Dermatomyositis sentence example

dermatomyositis
  • juvenile dermatomyositis was diagnosed, and a course of steroids commenced.
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  • myositis polymyositis and dermatomyositis, which are generally treated in a similar fashion.
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  • Dermatomyositis is one of a group of relatively uncommon diseases known as inflammatory myopathies, or inflammatory disorders of the muscles.
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  • Dermatomyositis is distinguished from other diseases in this category by the fact that it causes a characteristic skin rash as well as affecting the strength and functioning of the muscles.
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  • Dermatomyositis in children and adolescents is called juvenile dermatomyositis (abbreviated JDMS or simply JD) because it is different from the adult form of the disorder in several respects.
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  • Adults with dermatomyositis over the age of 50 have a 15 percent risk of developing cancer, whereas juvenile dermatomyositis is rarely associated with malignancy.
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  • JDMS is sometimes called childhood idiopathic dermatomyositis.
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  • The third major symptom of juvenile dermatomyositis is a low-grade fever (one or two degrees Fahrenheit above normal).
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  • Juvenile dermatomyositis most commonly affects children between the ages of five and 15 years of age.
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  • Genetic factors are also thought to be involved in juvenile dermatomyositis.
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  • The major symptoms of juvenile dermatomyositis include a characteristic reddish or purplish rash called a heliotrope rash; weakness or pain in the proximal muscles; and a low-grade fever.
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  • It is not always easy to tell when a child might have juvenile dermatomyositis.
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  • The first step in diagnosing juvenile dermatomyositis is the taking of a complete history and giving the child a thorough physical examination.
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  • These so-called Bohan-Peter criteria are interpreted as follows: If the child meets the first criterion (the characteristic rash), three of the remaining four criteria must be met to make the diagnosis of juvenile dermatomyositis.
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  • The treatment of juvenile dermatomyositis involves a combination of approaches.
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  • Medications are the mainstay of treatment for juvenile dermatomyositis.
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  • The prognosis of juvenile dermatomyositis varies but is usually related to the child's age and the severity of the vasculitis associated with the disease.
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  • Most children eventually recover completely from juvenile dermatomyositis; however, some have lifelong stiffness or muscle weakness from the disease.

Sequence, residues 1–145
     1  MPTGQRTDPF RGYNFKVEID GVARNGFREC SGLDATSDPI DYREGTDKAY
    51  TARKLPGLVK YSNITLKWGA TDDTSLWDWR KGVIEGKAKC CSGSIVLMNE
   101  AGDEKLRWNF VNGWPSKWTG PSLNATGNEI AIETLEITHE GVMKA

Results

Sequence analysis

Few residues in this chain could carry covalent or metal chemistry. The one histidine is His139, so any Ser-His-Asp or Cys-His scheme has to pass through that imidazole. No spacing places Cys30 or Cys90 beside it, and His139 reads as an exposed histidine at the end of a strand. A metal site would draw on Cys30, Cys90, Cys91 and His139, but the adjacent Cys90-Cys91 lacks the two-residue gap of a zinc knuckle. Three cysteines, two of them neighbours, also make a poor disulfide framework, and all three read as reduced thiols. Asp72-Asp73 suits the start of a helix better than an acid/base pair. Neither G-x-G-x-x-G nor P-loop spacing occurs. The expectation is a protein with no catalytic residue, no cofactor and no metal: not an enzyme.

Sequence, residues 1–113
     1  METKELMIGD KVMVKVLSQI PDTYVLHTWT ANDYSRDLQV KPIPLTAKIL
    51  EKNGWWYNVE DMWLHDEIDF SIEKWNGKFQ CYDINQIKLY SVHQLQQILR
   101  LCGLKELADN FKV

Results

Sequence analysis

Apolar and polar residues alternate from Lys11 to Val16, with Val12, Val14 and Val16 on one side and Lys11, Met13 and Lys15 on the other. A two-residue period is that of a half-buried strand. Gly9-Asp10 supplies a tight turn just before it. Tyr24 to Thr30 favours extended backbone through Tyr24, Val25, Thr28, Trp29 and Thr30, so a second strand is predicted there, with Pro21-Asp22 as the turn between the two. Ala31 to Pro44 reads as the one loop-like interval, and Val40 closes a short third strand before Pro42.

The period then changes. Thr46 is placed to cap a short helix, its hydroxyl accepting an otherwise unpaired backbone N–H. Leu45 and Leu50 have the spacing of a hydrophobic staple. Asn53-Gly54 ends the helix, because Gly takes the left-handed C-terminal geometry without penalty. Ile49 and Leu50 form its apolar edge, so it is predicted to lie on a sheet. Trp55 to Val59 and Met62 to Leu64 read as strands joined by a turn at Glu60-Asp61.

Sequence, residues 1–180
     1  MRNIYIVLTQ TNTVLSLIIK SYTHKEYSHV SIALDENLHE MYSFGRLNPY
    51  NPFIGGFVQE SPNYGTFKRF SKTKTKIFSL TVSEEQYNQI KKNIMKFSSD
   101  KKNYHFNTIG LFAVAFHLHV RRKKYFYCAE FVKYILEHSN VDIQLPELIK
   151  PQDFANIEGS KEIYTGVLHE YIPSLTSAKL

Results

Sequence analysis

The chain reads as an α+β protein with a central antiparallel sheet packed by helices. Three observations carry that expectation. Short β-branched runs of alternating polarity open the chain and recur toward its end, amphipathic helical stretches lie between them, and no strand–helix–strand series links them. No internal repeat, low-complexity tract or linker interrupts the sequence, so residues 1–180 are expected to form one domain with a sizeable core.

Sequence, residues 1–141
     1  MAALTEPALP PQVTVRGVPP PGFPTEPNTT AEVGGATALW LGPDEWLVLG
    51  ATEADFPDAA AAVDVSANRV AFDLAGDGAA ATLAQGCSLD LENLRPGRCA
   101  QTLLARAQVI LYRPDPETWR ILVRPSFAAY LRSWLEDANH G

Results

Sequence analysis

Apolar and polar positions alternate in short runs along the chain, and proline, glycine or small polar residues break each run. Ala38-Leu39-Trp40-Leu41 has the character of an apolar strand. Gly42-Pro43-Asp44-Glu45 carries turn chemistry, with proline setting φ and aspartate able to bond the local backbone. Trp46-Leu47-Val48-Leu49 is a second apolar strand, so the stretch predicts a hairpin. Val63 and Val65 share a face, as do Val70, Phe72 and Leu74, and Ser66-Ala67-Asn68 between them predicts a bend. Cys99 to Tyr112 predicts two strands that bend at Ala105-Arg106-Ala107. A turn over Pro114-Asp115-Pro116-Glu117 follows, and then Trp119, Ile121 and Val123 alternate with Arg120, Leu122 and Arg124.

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  • Because the causes are still unknown, there is no way to prevent juvenile dermatomyositis as of 2004.
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  • In juvenile dermatomyositis, calcinosis usually takes the form of small lumps of calcium compounds deposited in muscles or under the skin.
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  • Parker, James, et al. The Official Patient's Sourcebook on Dermatomyositis.
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  • Laude. "Juvenile Dermatomyositis: An Overview."
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  • "Dermatomyositis." American Family Physician 64 (November 1, 2001): 1565-72.
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  • M. "Juvenile Dermatomyositis: Immunogenetics, Pathophysiology, and Disease Expression."
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  • A. "Survey on TCM Treatment of Polymyositis and Dermatomyositis."
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  • Tezak, Z., et al. "Gene Expression Profiling in DQA1*0501+ Children with Untreated Dermatomyositis: A Novel Model of Pathenogenesis."
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  • S., et al. "Treatment Approaches to Juvenile Dermatomyositis."
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  • "Dermatomyositis." eMedicine, December 5, 2002.
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  • "Dermatomyositis." MayoClinic.com, October 15, 2003.
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  • Examples of this type of myopathy include dermatomyositis, polymyositis, and myositis ossificans.
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  • Dermatomyositis is a disease of the connective tissue that also involves weak, tender, inflamed muscles.
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  • The cause of dermatomyositis is as of 2004 unknown, but viral infection and antibiotic use are associated with the condition.
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  • In some cases, dermatomyositis is associated with rheumatologic disease or cancer.
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